I made Mama’s sweet potato recipe 🙂

A lot of people here asked me about Thanksgiving, and what we do and why it’s so important to us and everything. Inevitably they’d ask if I was homesick or sad not to bad in the US for Thanksgiving, but honestly I wasn’t! I worked 12 hours on Thursday, so it really just felt like any other day and I forgot it was Thanksgiving until I went on Facebook and saw lots of photos of food. I also haven’t been home for Thanksgiving in YEARS actually – since my senior year of college, now that I think about it… Weird. Anyway.

Other than non-holidays (side note: weirdly enough, Andorra had Black Friday despite not having Thanksgiving), life has been busy but pretty normal the last few weeks. Work is going pretty well. I finally started my job at the University. I’m doing conversation classes there with some of the professors and so far it’s fun! I really like my classes at FP of course, and those are awesome, but a few of my tutoring sessions have been a little challenging (it’s always the same kids). My favorite 12-year-old is still awesome though, so that’s the highlight of my tutoring week. This week we played Monopoly in English. I’m stealing him at the end of the year.

Two weeks ago, Charlee and Josh came to visit, so that was a fun weekend! If you’ve known me for a long time, you might remember that I visited Charlee in England 5 years ago… and that’s the last time I saw her! So we were very excited to be reunited now that I’m back in Europe. They got in on Thursday evening and we went out for beers and tapas, and then on Friday we went up to Ordino cause it’s adorable! (#andorrable) I wanted to show them the Miniature Museum, but it was closed, so we just walked around for a bit. Saturday we went up to Pas de la Casa to do a short little hike into France and it was really pretty!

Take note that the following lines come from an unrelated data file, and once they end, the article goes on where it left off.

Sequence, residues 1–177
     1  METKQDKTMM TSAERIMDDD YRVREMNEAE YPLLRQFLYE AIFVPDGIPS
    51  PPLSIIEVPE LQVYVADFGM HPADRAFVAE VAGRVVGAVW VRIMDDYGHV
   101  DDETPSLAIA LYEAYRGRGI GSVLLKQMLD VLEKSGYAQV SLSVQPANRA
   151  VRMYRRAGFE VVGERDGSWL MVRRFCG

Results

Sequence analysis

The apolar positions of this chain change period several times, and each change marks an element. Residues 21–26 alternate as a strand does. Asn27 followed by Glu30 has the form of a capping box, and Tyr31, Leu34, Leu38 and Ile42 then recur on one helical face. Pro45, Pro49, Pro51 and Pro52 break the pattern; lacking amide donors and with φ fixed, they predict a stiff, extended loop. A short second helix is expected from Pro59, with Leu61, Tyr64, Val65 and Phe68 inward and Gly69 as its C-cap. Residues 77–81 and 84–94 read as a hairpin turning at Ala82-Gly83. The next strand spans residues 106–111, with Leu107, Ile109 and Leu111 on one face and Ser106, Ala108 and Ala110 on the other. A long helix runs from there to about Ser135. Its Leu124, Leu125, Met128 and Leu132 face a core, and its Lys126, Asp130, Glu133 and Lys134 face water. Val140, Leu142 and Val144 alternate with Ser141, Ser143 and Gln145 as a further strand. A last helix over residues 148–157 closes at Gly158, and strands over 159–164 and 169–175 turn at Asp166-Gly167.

They had to leave very early Sunday, which was sad. But they had a good time (or at least they told me they did!) and hopefully they’ll be back again! Sunday afternoon we went on a drive/picnic with this lovely woman Clare, who is an English lady who moved here to Andorra a long time ago. She has a big van so she drove us all up to Cannolich and we had a nice picnic looking into Spain. Not a bad weekend, huh?


Anyway, that was 2 weeks ago… Last weekend was nothing too exciting, but it was a really fun weekend. Friday afternoon I had a 2.5 hour lunch with the rest of the language department and it was really fun! I work with cool people. Then Lauren, Isa, and I went out Friday night and had a blast, and then Saturday we went up to La Massana to see Isa’s apartment and play with her dog, and Sunday we had brunch with some friends.

Last night we met up with some guys from the UK for drinks and then went to the inauguration of a women’s center that one of the other English teachers at my school is a part of. It was really cool, with live music and such, and it was fun to see my co-workers outside of school! They went for a drink with us after 🙂

And of course, my weeks are pretty full of teaching and not much time for anything else! Sorry for the lack of updates lately… it means life is good, right? (And Wi-Fi is bad.) I’ll try to get back into the habit… And of course, Devin is coming to visit soon!!! 🙂